Connect with us

Science

A bright millisecond-duration radio burst from a Galactic magnetar – Nature.com

Published

 on


  • 1.

    Kaspi, V. M. & Beloborodov, A. M. Magnetars. Annu. Rev. Astron. Astrophys. 55, 261–301 (2017).

    ADS 
    CAS 

    Google Scholar
     

  • 2.

    Olausen, S. A. & Kaspi, V. M. The McGill Magnetar Catalog. Astrophys. J. Suppl. Ser. 212, 6 (2014).

    ADS 

    Google Scholar
     

  • 3.

    Esposito, P. et al. A very young radio-loud magnetar. Astrophys. J. Lett. 896, 30 (2020).

    ADS 

    Google Scholar
     

  • 4.

    Petroff, E., Hessels, J. W. T. & Lorimer, D. R. Fast radio bursts. Astron. Astrophys. Rev. 27, 4 (2019).

    ADS 

    Google Scholar
     

  • 5.

    Spitler, L. G. et al. A repeating fast radio burst. Nature 531, 202–205 (2016).

    ADS 
    CAS 

    Google Scholar
     

  • 6.

    The CHIME/FRB Collaboration. CHIME/FRB detection of eight new repeating fast radio burst sources. Astrophys. J. Lett. 885, 24 (2019).

    ADS 

    Google Scholar
     

  • 7.

    Kumar, P. et al. Faint repetitions from a bright fast radio burst source. Astrophys. J. Lett. 887, 30 (2019).

    ADS 

    Google Scholar
     

  • 8.

    Fonseca, E. et al. Nine new repeating fast radio burst sources from CHIME/FRB. Astrophys. J. Lett. 891, 6 (2020).

    ADS 

    Google Scholar
     

  • 9.

    Lyubarsky, Y. A model for fast extragalactic radio bursts. Mon. Not. R. Astron. Soc. 442, L9–L13 (2014).

    ADS 

    Google Scholar
     

  • 10.

    Beloborodov, A. M. A flaring magnetar in FRB 121102? Astrophys. J. Lett. 843, 26 (2017).

    ADS 

    Google Scholar
     

  • 11.

    Metzger, B. D., Margalit, B. & Sironi, L. Fast radio bursts as synchrotron maser emission from decelerating relativistic blast waves. Mon. Not. R. Astron. Soc. 485, 4091–4106 (2019).

    ADS 
    CAS 

    Google Scholar
     

  • 12.

    CHIME/FRB Collaboration et al. The CHIME Fast Radio Burst Project: system overview. Astrophys. J. 863, 48 (2018).

    ADS 

    Google Scholar
     

  • 13.

    Palmer, D. M. A forest of bursts from SGR 1935+2154. Astron. Telegr. 13675 (2020).

  • 14.

    Israel, G. L. et al. The discovery, monitoring and environment of SGR J1935+2154. Mon. Not. R. Astron. Soc. 457, 3448–3456 (2016).

    ADS 
    CAS 

    Google Scholar
     

  • 15.

    Cordes, J. M. & Lazio, T. J. W. NE2001. I. A new model for the galactic distribution of free electrons and its fluctuations. Preprint at https://arxiv.org/abs/astro-ph/0207156 (2002).

  • 16.

    Yao, J. M., Manchester, R. N. & Wang, N. A new electron-density model for estimation of pulsar and FRB distances. Astrophys. J. 835, 29 (2017).

    ADS 

    Google Scholar
     

  • 17.

    He, C., Ng, C.-Y. & Kaspi, V. The correlation between dispersion measure and X-ray column density from radio pulsars. Astrophys. J. 768, 64 (2013).

    ADS 

    Google Scholar
     

  • 18.

    Kothes, R., Sun, X., Gaensler, B. & Reich, W. A radio continuum and polarization study of SNR G57.2+0.8 associated with magnetar SGR 1935+2154. Astrophys. J. 852, 54 (2018).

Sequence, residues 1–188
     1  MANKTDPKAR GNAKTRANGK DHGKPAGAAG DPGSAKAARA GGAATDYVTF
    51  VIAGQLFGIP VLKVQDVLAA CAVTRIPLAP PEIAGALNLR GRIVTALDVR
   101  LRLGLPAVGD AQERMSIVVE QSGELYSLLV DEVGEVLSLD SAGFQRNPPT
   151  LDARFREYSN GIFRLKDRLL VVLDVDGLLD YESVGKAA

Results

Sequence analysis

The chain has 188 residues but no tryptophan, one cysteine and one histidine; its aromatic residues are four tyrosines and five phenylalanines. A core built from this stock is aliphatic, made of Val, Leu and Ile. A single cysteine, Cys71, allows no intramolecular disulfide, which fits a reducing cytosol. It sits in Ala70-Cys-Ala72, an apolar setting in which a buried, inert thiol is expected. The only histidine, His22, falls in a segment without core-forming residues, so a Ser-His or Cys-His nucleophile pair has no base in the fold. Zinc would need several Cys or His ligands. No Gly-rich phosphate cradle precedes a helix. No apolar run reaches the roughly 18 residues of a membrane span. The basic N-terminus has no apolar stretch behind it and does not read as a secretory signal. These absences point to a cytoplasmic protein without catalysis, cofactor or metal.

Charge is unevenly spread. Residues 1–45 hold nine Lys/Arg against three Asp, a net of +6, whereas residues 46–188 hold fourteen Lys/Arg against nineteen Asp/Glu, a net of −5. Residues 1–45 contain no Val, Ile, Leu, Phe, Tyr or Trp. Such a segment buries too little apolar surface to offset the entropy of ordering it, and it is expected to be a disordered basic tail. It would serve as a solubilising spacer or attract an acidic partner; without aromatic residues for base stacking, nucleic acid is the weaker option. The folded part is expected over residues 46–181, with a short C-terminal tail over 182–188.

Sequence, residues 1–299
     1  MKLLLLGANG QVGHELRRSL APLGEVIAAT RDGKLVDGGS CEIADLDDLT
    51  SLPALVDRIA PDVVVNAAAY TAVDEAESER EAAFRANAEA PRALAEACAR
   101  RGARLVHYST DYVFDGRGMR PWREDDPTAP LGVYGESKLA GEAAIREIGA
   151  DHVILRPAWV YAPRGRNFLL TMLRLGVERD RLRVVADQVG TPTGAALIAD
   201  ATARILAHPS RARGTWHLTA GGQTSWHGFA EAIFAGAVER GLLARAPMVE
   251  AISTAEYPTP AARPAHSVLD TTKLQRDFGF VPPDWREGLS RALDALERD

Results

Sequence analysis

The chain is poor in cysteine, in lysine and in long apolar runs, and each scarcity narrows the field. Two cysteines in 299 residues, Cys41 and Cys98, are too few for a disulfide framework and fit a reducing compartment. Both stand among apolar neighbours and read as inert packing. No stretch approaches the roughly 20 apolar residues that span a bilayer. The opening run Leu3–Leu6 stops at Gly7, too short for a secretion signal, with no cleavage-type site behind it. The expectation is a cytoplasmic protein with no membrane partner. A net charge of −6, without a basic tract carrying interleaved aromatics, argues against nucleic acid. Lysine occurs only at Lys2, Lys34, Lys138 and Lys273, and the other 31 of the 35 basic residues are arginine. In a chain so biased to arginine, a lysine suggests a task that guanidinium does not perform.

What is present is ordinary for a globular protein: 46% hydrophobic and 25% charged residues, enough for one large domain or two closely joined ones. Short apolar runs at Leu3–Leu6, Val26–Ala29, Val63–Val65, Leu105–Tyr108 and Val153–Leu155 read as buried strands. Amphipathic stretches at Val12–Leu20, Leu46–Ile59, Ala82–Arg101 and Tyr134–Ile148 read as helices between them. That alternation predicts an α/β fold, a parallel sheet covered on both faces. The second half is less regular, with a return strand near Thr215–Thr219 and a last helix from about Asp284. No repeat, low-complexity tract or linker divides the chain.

ADS 

    Google Scholar
     

  • 19.

    Zhang, C. F. et al. A highly polarised radio burst detected from SGR 1935+2154 by FAST. Astron. Telegr. 13699 (2020).

  • 20.

    CHIME/FRB. A fast radio burst associated with a Galactic magnetar. Nature https://doi.org/10.1038/s41586-020-2872-x (2020).

  • 21.

    Zhou, P. et al. Revisiting the distance, environment and supernova properties of SNR G57.2+0.8 that hosts SGR 1935+2154. Preprint at https://arxiv.org/abs/2005.03517 (2020).

  • 22.

    Mereghetti, S. et al. INTEGRAL IBIS and SPI-ACS detection of a hard X-ray counterpart of the radio burst from SGR 1935+2154. Astron. Telegr. 13685 (2020).

  • 23.

    Ridnaia, A. et al. Konus-Wind observation of hard X-ray counterpart of the radio burst from SGR 1935+2154. Astron. Telegr. 13688 (2020).

  • 24.

    Zhang, S. N. et al. Insight-HXMT X-ray and hard X-ray detection of the double peaks of the fast radio burst from SGR 1935+2154. Astron. Telegr. 13696 (2020).

  • 25.

    Zhang, S. N. et al. Geocentric time correction for Insight-HXMT detection of the X-ray counterpart of the FRB by CHIME and STARE2 from SGR 1935+2154. Astron. Telegr. 13704 (2020).

  • 26.

    Tendulkar, S. P., Kaspi, V. M. & Patel, C. Radio nondetection of the SGR 1806–20 giant flare and implications for fast radio bursts. Astrophys. J. 827, 59 (2016).

    ADS 

    Google Scholar
     

  • 27.

    Scholz, P. et al. Simultaneous X-ray, gamma-ray, and radio observations of the repeating fast radio burst FRB 121102. Astrophys. J. 846, 80 (2017).

    ADS 

    Google Scholar
     

  • 28.

    von Kienlin, A. Fermi GBM GRBs 191104 A, B, C and triggers 594534420/191104185 and 594563923/191104527 are not GRBs. GCN Circ. 26163 (2019).

  • 29.

    Ambrosi, E., D’Elia, V., Kennea, J. A. & Palmer, D. Trigger 933276: Swift detection of further activity from SGR 1935+2154. GCN Circ. 26169 (2019).

  • 30.

    Palmer, D. Trigger 933285: Swift detection of the brightest burst so far from SGR 1935+2154. GCN Circ. 26171 (2019).